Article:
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By 2050, the global population may reach 10 billion people. Feeding this booming humanity will require increasing food production by more than 60% – placing intense pressure on resources including arable land and fresh water. Food and ingredient companies are thus turning an interested eye towards microbial biomass as a potential sustainable source of protein. Yet, sustainability is only one side of the story for edible biomass. It’s time to look at the potential nutritional and health benefits, as well.
The term ‘microbe’ is used here in the broad connotation of bacteria, fungi, yeast and algae. Microbial biomass is the result of the fermentation, by these microbes, of organic substrates such as by-products from the sugar industry and other food processing residues, or hydrogen substrates including methanol and methane. Biomass suitable for human or animal consumption has often been referred to as single cell protein (SCP).
Using these types of edible microorganisms isn’t a completely new concept; during World War I, for example, Germany produced edible yeast for food on a large scale. But the idea of using microbial biomass as a food source really started gaining steam in the 1960s, eventually resulting, for example, in the 1980s launch of mycoprotein (Quorn), derived from the Fusarium venenatum fungus. The primary incentive for using microbial biomass to produce food has been its sustainability: it doesn’t require as much arable land or water as raising animals and plants. And it can transform side streams or even discarded substrates into protein, reducing wastage. But microbial biomass can offer consumers and producers much more.
The protein content of algae, such as spirulina, can be as high as 46-65% of its dry weight. Fungi can run to 30-50% protein: mycoprotein, for example, is 45% protein by dry weight. Bacteria can be 50-80% protein. And yeast can have a protein content of around 50% protein by dry weight.
These amounts compare well to meat and dairy, and are even higher than many plant-based alternatives.
However, protein quantity isn’t the whole story: you have to consider its quality and bioavailability as well. Can the protein be used by the human body?
To do this, you need to look at the amino acid composition and digestibility of the proteins. Amino acids are important for growth, tissue repair, and various other functions. As a benchmark, animal protein contains all nine essential amino acids.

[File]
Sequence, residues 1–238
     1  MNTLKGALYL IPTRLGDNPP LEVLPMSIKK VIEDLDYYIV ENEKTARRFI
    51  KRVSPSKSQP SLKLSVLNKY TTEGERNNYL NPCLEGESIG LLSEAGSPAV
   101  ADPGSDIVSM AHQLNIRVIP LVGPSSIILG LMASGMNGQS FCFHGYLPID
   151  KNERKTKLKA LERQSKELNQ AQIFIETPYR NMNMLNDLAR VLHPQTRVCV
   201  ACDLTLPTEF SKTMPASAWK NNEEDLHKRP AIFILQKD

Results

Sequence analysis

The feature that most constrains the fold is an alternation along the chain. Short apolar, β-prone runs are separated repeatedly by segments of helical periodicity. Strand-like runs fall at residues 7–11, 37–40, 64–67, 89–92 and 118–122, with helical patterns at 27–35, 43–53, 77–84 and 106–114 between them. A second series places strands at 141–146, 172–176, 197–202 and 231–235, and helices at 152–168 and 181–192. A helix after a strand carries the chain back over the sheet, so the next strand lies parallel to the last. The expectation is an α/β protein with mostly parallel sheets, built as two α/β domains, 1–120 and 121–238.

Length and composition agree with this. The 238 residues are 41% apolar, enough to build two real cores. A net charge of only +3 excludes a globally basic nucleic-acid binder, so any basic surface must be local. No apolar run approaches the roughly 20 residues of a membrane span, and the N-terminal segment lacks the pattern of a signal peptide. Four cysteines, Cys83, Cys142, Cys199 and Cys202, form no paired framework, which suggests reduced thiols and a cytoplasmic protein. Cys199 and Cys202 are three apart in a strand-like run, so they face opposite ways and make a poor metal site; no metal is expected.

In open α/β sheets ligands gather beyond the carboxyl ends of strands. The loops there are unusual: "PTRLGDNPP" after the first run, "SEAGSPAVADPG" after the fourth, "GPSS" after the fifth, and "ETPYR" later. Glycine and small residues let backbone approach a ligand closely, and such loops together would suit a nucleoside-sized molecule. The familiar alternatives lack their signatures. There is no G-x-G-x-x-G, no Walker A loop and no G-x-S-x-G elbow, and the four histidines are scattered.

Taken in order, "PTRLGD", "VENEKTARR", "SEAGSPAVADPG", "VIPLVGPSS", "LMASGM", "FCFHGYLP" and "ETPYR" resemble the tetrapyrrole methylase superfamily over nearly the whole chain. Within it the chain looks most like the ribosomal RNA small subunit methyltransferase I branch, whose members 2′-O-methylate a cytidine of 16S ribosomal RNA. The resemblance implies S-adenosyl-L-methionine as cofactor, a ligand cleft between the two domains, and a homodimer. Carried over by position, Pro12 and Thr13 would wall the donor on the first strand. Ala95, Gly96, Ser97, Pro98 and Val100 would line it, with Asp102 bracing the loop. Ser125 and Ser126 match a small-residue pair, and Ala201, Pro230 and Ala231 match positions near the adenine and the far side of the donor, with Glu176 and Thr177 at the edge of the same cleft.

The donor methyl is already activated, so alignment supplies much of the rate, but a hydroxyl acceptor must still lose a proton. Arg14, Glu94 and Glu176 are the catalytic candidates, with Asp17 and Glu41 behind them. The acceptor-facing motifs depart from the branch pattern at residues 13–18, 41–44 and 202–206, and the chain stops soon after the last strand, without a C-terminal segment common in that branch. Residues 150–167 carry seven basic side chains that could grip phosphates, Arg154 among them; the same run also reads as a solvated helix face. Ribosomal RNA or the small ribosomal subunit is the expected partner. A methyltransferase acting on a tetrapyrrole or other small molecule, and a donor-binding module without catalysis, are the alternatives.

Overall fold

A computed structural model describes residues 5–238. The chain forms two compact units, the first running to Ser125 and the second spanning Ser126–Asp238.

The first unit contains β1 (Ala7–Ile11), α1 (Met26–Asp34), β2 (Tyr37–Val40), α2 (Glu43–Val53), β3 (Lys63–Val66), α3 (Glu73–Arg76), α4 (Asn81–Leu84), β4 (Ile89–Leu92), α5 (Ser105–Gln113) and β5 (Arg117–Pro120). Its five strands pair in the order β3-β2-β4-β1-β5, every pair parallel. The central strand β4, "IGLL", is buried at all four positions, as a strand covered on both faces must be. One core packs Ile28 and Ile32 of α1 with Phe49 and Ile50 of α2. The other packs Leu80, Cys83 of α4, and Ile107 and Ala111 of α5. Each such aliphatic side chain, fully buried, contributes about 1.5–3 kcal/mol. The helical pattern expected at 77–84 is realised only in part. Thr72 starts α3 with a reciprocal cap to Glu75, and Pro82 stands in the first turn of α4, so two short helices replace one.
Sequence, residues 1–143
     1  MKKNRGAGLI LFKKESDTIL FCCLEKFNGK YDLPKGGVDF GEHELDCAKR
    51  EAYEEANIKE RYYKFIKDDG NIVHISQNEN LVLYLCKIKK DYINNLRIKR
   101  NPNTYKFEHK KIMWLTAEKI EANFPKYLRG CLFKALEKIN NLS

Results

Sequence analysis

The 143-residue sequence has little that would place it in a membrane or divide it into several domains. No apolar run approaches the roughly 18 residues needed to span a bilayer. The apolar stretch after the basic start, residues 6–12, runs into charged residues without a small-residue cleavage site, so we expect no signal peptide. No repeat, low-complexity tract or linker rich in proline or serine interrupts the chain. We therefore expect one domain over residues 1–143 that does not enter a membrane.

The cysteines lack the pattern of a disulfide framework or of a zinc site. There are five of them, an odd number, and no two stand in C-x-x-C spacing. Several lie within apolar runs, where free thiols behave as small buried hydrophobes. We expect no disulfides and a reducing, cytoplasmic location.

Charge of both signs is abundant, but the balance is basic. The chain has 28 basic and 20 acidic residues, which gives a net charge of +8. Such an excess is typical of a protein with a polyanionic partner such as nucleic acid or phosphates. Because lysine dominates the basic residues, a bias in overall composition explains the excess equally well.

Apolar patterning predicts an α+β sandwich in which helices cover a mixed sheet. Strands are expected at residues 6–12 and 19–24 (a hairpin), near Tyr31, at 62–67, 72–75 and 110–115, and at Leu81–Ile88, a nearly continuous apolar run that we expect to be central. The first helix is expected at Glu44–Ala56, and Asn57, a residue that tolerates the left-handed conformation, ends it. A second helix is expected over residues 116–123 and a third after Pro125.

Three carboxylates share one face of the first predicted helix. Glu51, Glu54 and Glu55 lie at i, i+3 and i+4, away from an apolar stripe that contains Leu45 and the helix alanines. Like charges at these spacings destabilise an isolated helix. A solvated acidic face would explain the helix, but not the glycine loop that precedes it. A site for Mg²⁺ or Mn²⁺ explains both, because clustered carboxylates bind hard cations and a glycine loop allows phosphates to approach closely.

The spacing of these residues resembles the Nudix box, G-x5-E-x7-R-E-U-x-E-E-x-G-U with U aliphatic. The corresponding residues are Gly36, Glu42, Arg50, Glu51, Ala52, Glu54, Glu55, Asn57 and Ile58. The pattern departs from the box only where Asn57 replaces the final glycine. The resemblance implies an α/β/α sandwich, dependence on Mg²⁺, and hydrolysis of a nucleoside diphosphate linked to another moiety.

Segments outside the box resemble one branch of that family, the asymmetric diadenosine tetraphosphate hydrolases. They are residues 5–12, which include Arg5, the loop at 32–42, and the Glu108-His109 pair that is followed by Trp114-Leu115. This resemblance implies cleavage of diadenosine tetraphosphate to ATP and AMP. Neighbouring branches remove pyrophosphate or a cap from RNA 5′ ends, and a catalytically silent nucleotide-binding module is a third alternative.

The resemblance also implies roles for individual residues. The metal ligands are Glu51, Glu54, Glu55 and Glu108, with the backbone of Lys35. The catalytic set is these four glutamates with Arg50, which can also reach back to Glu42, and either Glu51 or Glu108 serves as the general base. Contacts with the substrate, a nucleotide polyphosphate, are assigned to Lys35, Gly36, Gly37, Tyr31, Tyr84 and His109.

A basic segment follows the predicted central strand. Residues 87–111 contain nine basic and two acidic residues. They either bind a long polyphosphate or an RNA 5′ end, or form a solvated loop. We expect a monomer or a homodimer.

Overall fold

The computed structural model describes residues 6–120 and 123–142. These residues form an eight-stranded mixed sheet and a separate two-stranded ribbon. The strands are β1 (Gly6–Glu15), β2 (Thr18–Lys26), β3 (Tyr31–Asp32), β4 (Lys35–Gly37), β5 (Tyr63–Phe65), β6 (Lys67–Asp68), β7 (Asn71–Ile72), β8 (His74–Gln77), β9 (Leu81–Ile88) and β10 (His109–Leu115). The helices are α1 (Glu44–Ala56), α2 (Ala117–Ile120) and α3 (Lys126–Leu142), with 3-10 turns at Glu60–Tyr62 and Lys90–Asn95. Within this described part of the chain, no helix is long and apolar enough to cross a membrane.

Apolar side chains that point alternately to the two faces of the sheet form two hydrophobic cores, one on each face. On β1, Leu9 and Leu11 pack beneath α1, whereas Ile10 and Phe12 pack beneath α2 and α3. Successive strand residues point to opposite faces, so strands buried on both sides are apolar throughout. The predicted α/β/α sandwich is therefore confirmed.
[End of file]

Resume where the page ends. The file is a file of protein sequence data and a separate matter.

The amino acid profiles for microbial proteins in fact compare very well with meat and fish, and with the standard requirements for human consumption as defined by the FAO/WHO. Plant proteins, on the other hand, generally lack or are low in some of these essential amino acids.
But these amino acids also need to be ‘available’ for the body to use: this is where digestibility comes in. Digestion starts in the mouth, with mastication and saliva, and continues in the stomach (with the gastric juices) and the intestines (with bile, pancreatic juice and intestinal juice). Different proteins and protein fractions will be degraded at different rates during the various digestive phases, as the amino acid chains are broken down into individual amino acids. The latter can be absorbed in the small intestine, and released into the blood stream, which delivers them throughout the body.
The digestibility of microbial biomass proteins varies. Fungi, for example, have a digestibility similar to eggs and milk, whereas algae is less digestible. By breaking down the algae’s cell walls, its digestibility can be increased.
Edible microbial biomasses can be excellent vegan sources of a range of vitamins, fats, fibres, etc. For example, K2 vitamins, which are generally not found in plants, can be produced by certain bacteria. K2 plays a role in blood clotting, bone health and heart health.
Algae, on the other hand, can be a good source of the omega 3 fatty acids EPA and DHA. These are very important for the structure of the body’s cell walls, and can affect the heart, lungs, blood vessels and immune system. Omega 3 fatty acids like EPA and DHA are most often provided by fish, so it is very interesting to have a vegan source.
The fibres from the microbial biomass can also provide additional health benefits. In this context, yeast and algae can be sources of beta glucans, which have been shown to impact immune functions.
The current rationale for exploring edible microbial biomass is as a sustainable protein source. But within that context, you need to ensure you have a viable protein product.
How easy it is to cultivate the substrate, but also to isolate the protein? With algae, for example, you have to break down the cell wall, but for fungi and bacteria you don’t: what will be the impact of this additional step?
The functional characteristics of the protein are also important. Is it soluble, does it emulsify, will it foam? What types of products can you use it in? Is it digestible? What processing steps will you need to take to turn it into a viable ingredient?
Finally, you also have to consider your own branding. If you position yourself and your products as the ‘sustainable’ choice, you may focus on proteins that meet that need, while delivering the functional characteristics to create an appealing product. But if your brand is more about ‘high nutrition’, then you will want to find a microbial biomass with the quality and digestibility to match the expectations of your customers.
Microbial biomass remains an undiscovered country: there is still a lot to explore, and there may be many additional nutritional and health benefits to uncover.
In addition, there could be potential for including both microbial proteins and plant-derived proteins in a food product, to combine their strengths.
But clearly, microbial proteins offer a lot of potential, as we seek to create greater nutritional and health value, using fewer natural resources.